I scribbled out my dreams for the future. I wrote of children who would garden with me and complain about it, but I wouldn’t mind, because I would be just so happy they were there with me. A folded piece of paper stuck in a between the pages. Who knew if it would happen? Who knew if it could.
Of course, I couldn’t believe my eyes. But it was true. The next nine months passed as they do, and on the fourth day past my due date, I was finally in labor. It was August 1st, and he was coming.
I walked out to the garden and cut some zinnias before we made our way to the hospital. It felt like an important thing to do. It was celebratory in its own way. Even though I had been in labor all day and had contractions all through the previous night, I had more laboring ahead. We came home for the night with instructions to come back the following morning. I didn’t pick any more zinnias, and by the next morning I was much too along to easily do much of anything else besides labor! We were going to have a baby! We were about to meet our son.
It was a birth I won’t soon forget. And full of laughter. I will always remember his birth has one of laughter! A beautiful foreshadowing of our life with him. We brought our Shasta home to sunflowers and zinnias.
I remember looking at him and thinking, “I can’t believe he’s real.” And I remember the moment I realized we’d have our Shasta-boy past the newborn stage. We had our son for keeps. I remember feeling that certain sadness all mothers feel when realizing your child won’t stay this little baby forever, but I also remember realizing how exciting it would be to have conversations with him as a young man.
And so time moves as it does and I find myself in the garden on August 1st again.
Shasta has outgrown his yellow boots and walks around in his blue ones. The sunflowers are towering giants. The zinnias are begging for attention. The garden needs some tending. I cut the zinnias and stop his young hand from picking the one not yet bloomed! Such earnest “help!” I place the cut zinnias in water and hand him his own to stick in the water too. Soon after I begin trimming out spent flowers. I reach across the flower bed to give my son the old and done flowers to put in our weed bucket which will soon be stored in his red wagon along with a piece of bark he found. He says “tank u!” multiple times as flower stems and old things cross from me to him.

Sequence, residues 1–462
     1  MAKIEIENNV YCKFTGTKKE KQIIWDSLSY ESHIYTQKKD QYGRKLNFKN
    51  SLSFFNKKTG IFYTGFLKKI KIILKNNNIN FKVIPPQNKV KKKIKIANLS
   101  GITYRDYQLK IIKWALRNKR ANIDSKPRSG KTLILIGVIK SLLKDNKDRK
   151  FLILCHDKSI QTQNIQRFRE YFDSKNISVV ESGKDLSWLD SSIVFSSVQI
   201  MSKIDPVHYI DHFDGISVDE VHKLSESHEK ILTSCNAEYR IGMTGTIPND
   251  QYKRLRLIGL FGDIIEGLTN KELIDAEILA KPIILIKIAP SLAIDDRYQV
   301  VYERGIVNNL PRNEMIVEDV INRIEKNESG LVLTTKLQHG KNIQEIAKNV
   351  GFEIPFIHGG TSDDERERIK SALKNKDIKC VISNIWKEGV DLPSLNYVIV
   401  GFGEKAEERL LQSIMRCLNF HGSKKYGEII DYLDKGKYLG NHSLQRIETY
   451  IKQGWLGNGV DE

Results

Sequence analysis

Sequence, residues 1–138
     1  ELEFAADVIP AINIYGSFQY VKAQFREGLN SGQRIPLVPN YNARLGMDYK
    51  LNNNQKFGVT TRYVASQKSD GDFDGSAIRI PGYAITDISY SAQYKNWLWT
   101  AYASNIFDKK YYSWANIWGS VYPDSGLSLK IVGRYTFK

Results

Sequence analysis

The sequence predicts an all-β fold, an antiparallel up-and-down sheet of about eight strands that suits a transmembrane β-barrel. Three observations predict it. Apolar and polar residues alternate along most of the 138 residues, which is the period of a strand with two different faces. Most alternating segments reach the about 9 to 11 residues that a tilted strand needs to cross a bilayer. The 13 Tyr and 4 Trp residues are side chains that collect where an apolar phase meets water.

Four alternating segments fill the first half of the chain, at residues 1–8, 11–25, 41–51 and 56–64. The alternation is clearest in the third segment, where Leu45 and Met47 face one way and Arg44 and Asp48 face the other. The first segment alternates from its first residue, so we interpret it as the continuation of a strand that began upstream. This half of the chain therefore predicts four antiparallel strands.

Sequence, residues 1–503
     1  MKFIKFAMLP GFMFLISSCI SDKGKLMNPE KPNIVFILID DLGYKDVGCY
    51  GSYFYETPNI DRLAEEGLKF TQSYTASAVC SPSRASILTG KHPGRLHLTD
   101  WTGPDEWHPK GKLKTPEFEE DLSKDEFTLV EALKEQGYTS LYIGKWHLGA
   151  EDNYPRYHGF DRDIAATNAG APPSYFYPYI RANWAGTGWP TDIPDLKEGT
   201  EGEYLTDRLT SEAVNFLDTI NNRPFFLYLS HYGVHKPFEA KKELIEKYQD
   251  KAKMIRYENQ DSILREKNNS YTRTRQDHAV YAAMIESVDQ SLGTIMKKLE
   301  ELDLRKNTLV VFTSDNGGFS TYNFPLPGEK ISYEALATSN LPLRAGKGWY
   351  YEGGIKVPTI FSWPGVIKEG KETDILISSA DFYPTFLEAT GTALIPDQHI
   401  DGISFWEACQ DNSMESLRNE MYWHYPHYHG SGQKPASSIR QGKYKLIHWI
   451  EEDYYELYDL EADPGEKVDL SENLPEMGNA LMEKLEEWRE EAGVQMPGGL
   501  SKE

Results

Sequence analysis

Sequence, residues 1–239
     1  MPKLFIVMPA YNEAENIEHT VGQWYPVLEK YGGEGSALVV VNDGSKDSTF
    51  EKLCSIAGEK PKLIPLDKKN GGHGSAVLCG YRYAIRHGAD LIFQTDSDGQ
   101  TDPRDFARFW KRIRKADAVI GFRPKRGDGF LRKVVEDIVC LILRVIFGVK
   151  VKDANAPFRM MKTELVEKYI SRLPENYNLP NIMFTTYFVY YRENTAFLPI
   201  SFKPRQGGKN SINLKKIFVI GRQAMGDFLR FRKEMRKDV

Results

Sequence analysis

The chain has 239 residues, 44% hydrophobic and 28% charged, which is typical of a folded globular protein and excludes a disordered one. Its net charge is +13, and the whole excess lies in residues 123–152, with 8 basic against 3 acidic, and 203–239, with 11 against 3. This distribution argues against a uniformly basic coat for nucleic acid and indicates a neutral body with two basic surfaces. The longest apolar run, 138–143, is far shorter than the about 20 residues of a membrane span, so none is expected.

We are gardening together.
It must make God smile to see it. . .
Two years later the woman who scribbled dreams on a piece of paper has a jar of zinnias, a bucket of spent flowers, a son to garden alongside, and a baby daughter nearby. Over the years, time has felt both cruel and beautiful. But with God it has always gone to good places. Somehow in His miraculous, healing, redemptive, and purposeful work, He made the barren woman sing before children and then made her a joyful mother of them.
Shasta, Heidi, and I fumble through the garden gate in the unlikely cool of an August morning. We’re a fun group, but not a very graceful one! Two’s a party, three’s a crowd as they say.
Naturally, I disagree.
Shasta runs around in his blue toddler boots or crocs depending. Heidi experiences the garden for her first spring and summer. In many ways, I toddle too as I experience so many firsts as a mother. Nonetheless, I water and watch us all grow.
The story unfolds vibrantly, and I have found it is the zinnias who tell the time.
Two whole years.
Then and now.
All to good places. The zinnias tick away this lovely mayhem of life. And we grab hold. With gusto. With flowers on the kitchen table.
I think I have a new tradition every first of August.